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S.O.L.I.D. By Example: Open Closed Principal

I’ll be presenting on the topic of Dependency Injection at the South Sound .NET Users Group on February 12th, 2009. In an effort to beef up my presentation to close to two hours, I decided to give a brief introduction to the S.O.L.I.D. Principals as described by Uncle Bob Martin as supporting material/introduction to Inversion of Control and Dependency Injection.

You can find the the first post in this series here:

S.O.L.I.D. By Example: Single Responsibility Principal

The Single Responsibility Principal demonstrated how to keep classes simple, focused and uncluttered. The Open Closed Principal is about protecting behavior that we know works. OCP states:

You should be able to extend a classes behavior, without modifying it.

Let’s jump right into the example to demonstrate the difference. Imagine that we are given a specification for an order service that saves orders to a database. Our initial implementation might look something like this:

public class OrderService
{
  private readonly OrderRepository _orderRepository;
 

  public OrderService(OrderRepository orderRepository)
  {
    _orderRepository = orderRepository;
  }

  public bool SaveOrder(Order order)
  {
    if (order.IsValid)
    {
      _orderRepository.Save(order);
    }
    return true;
  }
}

We have a simple order service that verifies an order is valid and then saves it to an order repository. Pretty clean and it appears to conform with SRP. Good times!

Two months later we get an addendum to the specification that states the company would like the order service to also send a confirmation email out when the order is accepted and saved to the database.

No problem! We start hacking away and come up with version 2 of our class:

public class OrderService
{
  private readonly EmailService _emailService;
  private readonly OrderRepository _orderRepository;
 

  public OrderService(EmailService emailService, OrderRepository orderRepository)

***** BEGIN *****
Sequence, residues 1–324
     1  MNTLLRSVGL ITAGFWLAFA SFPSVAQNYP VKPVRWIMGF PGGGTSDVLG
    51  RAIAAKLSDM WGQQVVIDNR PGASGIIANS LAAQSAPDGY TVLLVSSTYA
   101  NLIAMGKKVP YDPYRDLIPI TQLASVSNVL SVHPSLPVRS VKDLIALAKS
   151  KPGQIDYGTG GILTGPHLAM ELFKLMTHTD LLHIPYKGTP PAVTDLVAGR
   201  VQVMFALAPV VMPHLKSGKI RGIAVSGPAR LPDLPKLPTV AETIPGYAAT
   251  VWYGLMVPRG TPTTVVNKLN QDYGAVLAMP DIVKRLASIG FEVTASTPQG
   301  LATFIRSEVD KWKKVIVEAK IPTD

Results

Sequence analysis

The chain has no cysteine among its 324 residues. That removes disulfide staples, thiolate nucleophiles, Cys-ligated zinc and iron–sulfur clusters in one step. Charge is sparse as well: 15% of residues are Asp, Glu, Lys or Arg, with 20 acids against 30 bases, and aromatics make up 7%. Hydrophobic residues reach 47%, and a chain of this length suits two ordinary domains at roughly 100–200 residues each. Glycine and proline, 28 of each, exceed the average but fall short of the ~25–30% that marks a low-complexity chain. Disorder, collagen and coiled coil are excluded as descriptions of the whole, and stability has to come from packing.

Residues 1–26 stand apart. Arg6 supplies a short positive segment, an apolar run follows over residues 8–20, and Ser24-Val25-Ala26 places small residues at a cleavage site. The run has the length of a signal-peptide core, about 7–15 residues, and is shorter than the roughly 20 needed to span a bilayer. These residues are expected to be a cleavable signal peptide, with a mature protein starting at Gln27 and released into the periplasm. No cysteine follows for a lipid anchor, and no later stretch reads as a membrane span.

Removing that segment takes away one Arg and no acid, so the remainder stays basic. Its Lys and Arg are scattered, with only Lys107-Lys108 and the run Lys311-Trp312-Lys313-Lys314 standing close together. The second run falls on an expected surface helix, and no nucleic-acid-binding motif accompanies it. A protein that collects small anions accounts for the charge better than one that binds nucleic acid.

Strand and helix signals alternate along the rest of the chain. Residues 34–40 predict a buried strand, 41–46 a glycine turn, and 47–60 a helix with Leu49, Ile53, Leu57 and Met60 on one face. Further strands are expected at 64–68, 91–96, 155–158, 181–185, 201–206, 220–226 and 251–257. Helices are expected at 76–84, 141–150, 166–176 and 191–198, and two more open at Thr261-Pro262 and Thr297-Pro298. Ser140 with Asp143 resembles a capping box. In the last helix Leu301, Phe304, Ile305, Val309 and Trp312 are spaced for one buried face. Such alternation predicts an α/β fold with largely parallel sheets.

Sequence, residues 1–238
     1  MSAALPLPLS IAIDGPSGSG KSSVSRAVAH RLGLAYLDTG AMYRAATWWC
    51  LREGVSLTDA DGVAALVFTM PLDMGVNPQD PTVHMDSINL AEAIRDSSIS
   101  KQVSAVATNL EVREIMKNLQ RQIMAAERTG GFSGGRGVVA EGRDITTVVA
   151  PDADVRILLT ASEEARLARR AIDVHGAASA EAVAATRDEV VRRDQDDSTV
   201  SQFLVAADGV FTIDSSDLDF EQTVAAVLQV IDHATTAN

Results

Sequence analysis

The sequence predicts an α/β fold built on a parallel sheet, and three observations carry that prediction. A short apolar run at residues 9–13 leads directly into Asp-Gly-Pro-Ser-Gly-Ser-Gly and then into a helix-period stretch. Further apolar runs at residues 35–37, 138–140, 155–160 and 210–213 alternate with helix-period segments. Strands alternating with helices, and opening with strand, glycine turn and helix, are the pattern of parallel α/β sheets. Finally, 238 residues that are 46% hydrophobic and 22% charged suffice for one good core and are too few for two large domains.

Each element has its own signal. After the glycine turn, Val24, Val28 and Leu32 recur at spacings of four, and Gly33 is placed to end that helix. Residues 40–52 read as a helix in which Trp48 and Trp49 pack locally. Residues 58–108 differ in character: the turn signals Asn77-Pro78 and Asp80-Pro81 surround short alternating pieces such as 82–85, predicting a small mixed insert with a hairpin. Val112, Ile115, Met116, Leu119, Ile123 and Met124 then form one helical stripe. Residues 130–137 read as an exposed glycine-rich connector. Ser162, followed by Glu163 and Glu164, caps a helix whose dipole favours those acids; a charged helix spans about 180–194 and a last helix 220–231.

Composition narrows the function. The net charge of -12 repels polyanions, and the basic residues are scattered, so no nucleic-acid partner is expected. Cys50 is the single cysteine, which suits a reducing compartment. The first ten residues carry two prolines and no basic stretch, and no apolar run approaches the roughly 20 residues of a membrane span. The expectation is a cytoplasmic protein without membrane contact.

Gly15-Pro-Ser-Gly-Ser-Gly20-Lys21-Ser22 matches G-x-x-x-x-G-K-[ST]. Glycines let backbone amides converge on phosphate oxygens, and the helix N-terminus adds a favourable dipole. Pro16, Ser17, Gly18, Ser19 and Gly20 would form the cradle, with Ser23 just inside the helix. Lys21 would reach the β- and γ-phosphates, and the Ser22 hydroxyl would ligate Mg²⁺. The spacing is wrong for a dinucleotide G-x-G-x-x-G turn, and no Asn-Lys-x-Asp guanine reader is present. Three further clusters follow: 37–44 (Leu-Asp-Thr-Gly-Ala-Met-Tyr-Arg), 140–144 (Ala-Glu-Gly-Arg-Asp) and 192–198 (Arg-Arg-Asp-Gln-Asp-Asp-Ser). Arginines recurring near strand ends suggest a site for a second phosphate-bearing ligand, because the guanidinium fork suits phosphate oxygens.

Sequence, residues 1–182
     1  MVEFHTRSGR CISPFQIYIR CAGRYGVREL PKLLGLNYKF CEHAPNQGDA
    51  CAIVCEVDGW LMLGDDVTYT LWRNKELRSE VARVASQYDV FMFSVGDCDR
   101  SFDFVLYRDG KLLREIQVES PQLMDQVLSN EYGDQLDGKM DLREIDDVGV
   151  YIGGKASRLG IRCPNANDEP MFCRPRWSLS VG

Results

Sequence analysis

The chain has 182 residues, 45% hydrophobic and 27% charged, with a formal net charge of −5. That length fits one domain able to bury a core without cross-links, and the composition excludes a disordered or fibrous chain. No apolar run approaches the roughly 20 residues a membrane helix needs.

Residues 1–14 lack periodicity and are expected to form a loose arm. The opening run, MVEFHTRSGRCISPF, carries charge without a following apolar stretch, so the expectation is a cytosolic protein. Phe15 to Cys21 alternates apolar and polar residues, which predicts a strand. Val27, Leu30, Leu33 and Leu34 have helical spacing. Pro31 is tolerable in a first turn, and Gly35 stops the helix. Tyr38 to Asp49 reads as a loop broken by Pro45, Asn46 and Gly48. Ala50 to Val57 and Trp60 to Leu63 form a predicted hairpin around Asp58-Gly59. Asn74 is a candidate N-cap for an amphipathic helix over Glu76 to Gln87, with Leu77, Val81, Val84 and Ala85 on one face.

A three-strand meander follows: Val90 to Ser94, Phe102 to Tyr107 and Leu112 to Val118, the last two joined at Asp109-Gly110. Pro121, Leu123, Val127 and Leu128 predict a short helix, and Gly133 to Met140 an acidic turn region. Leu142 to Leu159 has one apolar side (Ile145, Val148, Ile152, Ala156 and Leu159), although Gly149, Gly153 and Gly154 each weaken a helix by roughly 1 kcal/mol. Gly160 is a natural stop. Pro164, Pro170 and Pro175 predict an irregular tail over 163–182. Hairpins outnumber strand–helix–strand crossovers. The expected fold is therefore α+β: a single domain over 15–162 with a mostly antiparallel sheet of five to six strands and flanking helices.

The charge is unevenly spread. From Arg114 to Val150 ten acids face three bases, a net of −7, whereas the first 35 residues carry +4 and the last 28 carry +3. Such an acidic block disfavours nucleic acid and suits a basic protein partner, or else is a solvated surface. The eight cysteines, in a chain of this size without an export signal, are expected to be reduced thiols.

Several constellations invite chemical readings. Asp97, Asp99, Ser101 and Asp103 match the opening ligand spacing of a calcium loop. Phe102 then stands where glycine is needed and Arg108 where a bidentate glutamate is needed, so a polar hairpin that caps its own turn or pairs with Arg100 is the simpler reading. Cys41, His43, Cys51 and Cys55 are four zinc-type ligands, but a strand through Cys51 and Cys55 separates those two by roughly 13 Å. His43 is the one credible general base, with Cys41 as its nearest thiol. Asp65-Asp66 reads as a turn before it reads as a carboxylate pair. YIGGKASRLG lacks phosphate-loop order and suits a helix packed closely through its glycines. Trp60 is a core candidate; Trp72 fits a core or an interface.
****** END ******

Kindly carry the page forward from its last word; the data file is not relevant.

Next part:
{
    _emailService = emailService;
    _orderRepository = orderRepository;
  }

  public bool SaveOrder(Order order)
  {
    if (order.IsValid)
    {
      _orderRepository.Save(order);
    }
    if (Configuration.SendEmailConfirmation)
    {
      _emailService.SendConfirmation(order);
    }
    return true;
  }
}

In our edits we have modified our order service and added a dependency on a new class called email service. We have also modified the save order method to use the new email service. We also added to the complexity of the class by adding additional branching logic in the body of the save order method.

So in essence we took a class that had been written, presumably tested and functioning fine for a couple months and modified its behavior potentially breaking not only the new specification but the original at the same time.

Instead, we could approach the problem a different way to preserve the working functionality of the order service class but add additional behavior to it by extending the class.

All we would need to do is modify the original class like this:

public class OrderService
  {
private readonly OrderRepository _orderRepository;
 

public OrderService(OrderRepository orderRepository)
{
  _orderRepository = orderRepository;
}

public virtual bool SaveOrder(Order order)
{
  if (order.IsValid)
  {
    _orderRepository.Save(order);
  }
  return true;
}

Note that the save order method has been marked as virtual. This allows us to provide an alternative implementation. You can look at this as opening the class up to extension of its behavior.

So to add the new specified behavior we simply inherit from order service and override the save order method like this:

public class EmailingOrderService : OrderService
  {
private readonly EmailService _emailService;
 

public EmailingOrderService(EmailService emailService, 
  OrderRepository orderRepository) 
  : base(orderRepository)
{
  _emailService = emailService;
}

public override bool SaveOrder(Order order)
{
  if (base.SaveOrder(order))
  {
    _emailService.SendConfirmation(order);
  }
  return true;
}

We create a new emailing order service that inherits from order service. The constructor has a dependency on the original order repository which it passes along to its base class. It also adds a new dependency on email service.

The new implementation of save order delegates the saving of the order to its base class and then uses the email service to send the email confirmation.

So we have effectively added the new behavior in such a way that we are not potentially breaking the original object. We have also prevented the addition of branching complexity and overall lines of code within the save order methods.

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